In 2014–15, Acute care was the most common type of care (see Box 1) received by patients aged 85 and over (86%, 594,544), as it was for all separations for all ages (94%, 9,534,700) (Figure 10). Examples of acute care include curing illness or providing definitive treatment of an injury, and performing surgery or diagnostic or therapeutic procedures.
Fourteen per cent of separations for patients aged over 85 received sub-acute and non-acute care—9.0% were for Rehabilitation care (62,001 separations), 3.7% were for Geriatric evaluation and management, Maintenance care and Psychogeriatric care (25,265 separations), and 1.3% were for Palliative care (8,841) (Figure 10).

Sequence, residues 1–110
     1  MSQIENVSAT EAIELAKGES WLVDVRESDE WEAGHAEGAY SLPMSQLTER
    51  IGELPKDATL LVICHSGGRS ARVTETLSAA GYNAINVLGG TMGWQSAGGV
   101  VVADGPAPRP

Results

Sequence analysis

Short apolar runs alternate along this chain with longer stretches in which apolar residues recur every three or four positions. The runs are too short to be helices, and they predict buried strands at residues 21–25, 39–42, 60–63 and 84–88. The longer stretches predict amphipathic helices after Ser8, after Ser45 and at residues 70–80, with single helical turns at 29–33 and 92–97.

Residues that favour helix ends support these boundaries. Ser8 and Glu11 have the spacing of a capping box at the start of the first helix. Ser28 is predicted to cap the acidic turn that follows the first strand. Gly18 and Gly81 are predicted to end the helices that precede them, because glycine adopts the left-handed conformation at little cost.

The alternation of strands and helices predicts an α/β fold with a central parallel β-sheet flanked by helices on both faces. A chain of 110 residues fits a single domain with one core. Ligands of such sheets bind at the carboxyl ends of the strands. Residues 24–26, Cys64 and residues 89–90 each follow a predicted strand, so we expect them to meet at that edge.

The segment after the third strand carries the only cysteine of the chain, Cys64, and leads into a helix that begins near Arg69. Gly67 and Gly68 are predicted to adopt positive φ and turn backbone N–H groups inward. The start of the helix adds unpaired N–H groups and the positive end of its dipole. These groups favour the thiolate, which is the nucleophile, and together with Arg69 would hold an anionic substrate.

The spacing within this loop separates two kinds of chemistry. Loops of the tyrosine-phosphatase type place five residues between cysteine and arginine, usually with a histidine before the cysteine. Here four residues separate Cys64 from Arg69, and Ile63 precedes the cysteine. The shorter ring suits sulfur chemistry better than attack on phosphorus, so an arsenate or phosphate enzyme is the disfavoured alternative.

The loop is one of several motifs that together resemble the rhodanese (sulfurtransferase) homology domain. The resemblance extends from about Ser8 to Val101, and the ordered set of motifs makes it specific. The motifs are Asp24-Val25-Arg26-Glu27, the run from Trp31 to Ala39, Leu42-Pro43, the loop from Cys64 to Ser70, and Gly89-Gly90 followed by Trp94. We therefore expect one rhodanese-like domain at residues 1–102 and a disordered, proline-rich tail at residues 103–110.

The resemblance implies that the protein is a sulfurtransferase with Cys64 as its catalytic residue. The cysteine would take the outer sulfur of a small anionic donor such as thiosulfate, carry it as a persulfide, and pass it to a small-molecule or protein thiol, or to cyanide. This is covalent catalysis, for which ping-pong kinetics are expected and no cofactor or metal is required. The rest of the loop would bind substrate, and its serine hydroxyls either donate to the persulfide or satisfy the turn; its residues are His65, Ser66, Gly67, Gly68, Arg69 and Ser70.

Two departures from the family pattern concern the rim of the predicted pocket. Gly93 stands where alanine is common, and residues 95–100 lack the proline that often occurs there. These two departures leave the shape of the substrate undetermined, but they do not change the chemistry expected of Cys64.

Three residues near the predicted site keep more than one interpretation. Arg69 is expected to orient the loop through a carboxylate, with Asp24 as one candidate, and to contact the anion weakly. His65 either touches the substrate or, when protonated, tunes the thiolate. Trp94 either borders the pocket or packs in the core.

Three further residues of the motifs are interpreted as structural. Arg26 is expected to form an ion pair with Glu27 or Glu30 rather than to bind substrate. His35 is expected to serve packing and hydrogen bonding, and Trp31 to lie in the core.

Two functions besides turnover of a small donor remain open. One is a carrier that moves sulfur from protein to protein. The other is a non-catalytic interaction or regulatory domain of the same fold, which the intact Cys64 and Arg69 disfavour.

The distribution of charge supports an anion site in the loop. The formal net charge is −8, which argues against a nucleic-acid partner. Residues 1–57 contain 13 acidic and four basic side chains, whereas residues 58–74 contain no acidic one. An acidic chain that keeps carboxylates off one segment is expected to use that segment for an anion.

Figure 10: Type of care received by patients aged 85 and over and all separations, 2014–15, per cent
In 2014–15, there was a greater proportion of patients aged 85 and over receiving acute care in public hospitals (88%, 368,977) compared to private hospitals (83%, 225,567).
In private hospitals, Rehabilitation care (16.2%) was the second most frequent type of care received by these patients, and in contrast, accounted for 4.3% of the care received in public hospitals.
In public hospitals, Geriatric evaluation and management, Maintenance care and Psychogeriatric care together represented 5.7% of the care received by patients aged 85 and over, compared to 0.5% in private hospitals (Figure 11).
Figure 11: Type of sub-acute and non-acute care, received by patients aged 85 and over and all separations, by hospital sector, 2014–15, per cent